On thin ice: the dangers of frozen lakes and ponds

COLORADO SPRINGS, Colo — It’s a life or death situation every time it happens.

People go out on to frozen lakes, ponds, or rivers.

The ice breaks.

They fall in, and instantly their life is in danger.

Tuesday morning, eyewitnesses told us, two people went out on to Quail Lake with their dogs, running across multiple times, and even jumping up and down.

Fire crews said no matter how cold it is outside, that sort of thing is extremely dangerous.

It may seem like common sense to not go out on a frozen lake, but it happens more often than we think.

“We probably get two or three a week when we have ice on the lake, ice on the lakes, ponds, and creeks. A lot of those stem from pets going out on the ice and people going out there to get them,” said Colorado Springs Fire Department Lt. David Barron.

It’s not just people going to save their pets. They also intentionally risk it all for something that’s not worth it.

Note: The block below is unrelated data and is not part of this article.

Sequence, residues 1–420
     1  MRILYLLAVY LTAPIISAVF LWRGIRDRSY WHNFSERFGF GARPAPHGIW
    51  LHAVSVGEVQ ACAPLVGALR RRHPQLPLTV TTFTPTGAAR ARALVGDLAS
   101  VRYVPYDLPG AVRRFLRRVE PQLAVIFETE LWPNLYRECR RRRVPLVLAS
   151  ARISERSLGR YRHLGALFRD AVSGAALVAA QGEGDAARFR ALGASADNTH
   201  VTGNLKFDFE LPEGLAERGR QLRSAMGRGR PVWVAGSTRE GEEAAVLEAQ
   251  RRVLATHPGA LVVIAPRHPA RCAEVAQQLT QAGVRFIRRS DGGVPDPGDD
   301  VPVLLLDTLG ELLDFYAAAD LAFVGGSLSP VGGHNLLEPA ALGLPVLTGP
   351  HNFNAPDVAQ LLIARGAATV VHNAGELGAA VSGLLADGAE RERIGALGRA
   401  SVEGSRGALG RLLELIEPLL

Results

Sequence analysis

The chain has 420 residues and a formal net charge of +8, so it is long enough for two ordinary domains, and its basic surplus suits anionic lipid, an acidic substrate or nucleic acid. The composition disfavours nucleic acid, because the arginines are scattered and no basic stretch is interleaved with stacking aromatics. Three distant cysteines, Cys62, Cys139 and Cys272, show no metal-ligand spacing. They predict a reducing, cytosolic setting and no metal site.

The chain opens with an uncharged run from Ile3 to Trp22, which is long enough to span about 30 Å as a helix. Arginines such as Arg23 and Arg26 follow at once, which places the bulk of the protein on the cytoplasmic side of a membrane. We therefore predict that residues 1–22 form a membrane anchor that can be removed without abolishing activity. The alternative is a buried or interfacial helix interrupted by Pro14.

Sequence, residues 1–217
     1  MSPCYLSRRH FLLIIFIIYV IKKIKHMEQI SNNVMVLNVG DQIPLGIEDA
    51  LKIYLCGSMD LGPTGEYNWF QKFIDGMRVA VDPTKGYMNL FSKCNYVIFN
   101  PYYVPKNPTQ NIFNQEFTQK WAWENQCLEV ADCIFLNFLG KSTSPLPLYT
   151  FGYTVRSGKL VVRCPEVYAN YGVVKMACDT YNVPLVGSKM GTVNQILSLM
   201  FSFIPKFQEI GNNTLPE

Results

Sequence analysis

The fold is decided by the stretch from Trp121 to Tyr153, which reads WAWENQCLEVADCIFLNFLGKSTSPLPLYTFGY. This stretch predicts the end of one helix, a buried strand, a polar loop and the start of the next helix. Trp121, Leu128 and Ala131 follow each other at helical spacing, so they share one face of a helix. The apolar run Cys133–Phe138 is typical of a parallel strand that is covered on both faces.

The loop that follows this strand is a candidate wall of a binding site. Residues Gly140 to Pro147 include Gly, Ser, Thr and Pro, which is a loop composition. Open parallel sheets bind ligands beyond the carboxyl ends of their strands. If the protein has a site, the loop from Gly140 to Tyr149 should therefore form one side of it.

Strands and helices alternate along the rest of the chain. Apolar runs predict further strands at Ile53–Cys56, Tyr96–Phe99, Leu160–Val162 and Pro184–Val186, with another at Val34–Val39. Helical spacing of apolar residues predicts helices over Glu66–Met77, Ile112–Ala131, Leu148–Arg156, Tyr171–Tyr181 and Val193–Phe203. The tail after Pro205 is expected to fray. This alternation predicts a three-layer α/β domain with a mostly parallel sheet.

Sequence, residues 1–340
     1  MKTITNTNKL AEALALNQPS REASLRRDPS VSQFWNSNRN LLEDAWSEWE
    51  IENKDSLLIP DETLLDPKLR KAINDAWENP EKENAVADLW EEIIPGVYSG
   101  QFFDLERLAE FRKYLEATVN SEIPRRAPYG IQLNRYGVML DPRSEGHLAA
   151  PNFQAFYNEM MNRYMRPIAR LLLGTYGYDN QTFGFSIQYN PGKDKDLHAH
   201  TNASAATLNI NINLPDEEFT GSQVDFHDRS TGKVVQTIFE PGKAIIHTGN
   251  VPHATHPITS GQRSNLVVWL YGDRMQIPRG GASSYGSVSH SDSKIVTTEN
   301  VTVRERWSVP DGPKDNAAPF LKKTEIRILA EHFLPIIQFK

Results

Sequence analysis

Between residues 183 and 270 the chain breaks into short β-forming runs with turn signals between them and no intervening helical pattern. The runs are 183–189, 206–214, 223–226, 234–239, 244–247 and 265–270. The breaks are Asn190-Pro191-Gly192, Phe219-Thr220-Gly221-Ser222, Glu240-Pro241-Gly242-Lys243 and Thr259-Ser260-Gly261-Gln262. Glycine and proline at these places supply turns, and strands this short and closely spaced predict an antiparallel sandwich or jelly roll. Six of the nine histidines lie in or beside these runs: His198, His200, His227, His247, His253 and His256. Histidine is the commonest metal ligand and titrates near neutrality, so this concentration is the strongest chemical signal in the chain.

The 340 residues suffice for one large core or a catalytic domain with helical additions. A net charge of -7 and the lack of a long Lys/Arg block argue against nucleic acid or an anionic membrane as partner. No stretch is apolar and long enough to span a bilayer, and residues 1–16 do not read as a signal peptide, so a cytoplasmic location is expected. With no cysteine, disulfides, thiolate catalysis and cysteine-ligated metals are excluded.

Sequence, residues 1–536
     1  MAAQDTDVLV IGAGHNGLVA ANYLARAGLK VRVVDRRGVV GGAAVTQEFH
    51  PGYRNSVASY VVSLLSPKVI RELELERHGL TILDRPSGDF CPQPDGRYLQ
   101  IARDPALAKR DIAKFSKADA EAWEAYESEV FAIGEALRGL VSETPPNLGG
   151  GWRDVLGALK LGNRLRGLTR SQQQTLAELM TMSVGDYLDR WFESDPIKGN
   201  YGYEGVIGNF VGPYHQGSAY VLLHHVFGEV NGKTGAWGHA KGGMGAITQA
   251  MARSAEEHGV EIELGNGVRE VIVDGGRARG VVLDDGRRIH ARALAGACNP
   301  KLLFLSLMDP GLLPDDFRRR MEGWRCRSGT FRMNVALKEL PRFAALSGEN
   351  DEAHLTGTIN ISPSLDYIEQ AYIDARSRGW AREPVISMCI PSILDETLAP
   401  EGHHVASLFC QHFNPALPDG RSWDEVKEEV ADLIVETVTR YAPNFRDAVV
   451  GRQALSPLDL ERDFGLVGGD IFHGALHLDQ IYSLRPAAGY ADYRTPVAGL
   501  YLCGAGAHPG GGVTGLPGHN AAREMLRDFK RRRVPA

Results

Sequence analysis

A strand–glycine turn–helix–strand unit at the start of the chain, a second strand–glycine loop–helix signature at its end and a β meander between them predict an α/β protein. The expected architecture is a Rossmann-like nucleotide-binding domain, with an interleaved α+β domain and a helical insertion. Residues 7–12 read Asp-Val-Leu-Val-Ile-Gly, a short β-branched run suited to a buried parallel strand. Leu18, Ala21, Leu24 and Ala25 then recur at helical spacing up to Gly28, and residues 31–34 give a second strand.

“All the time,” said Barron. “Especially the kids. It’s an exploration thing. They want to see how far they can get out there, whether it’s going to hold them. I remember doing the same thing when I was a kid.”

If you fall through the ice, hypothermia can set in within two to five minutes, and sometimes faster.

“They start losing function in their limbs. Fingers first then arms then legs, and then you can’t defend yourself. You can’t even protect yourself from drowning,” said Barron.

Minutes can be the difference between life and death.

“If we can get there in a really short amount of time then we have a chance to save the person that went under. If we don’t get there within that first 60 minutes, then there’s really no hope of saving them and things change and we slow it down from a rescue to a recovery,” said Barron.

When people go out on the ice, they aren’t just putting themselves in danger.

“If they go out there and risk their lives to test the ice, then we have to risk our lives to go out and save them,” said Barron.

Ice needs to be an inch thick to support the weight of a person. There’s no way of knowing exactly how thick the ice is because it can change from day to day depending on temperature, sun exposure, and wind.

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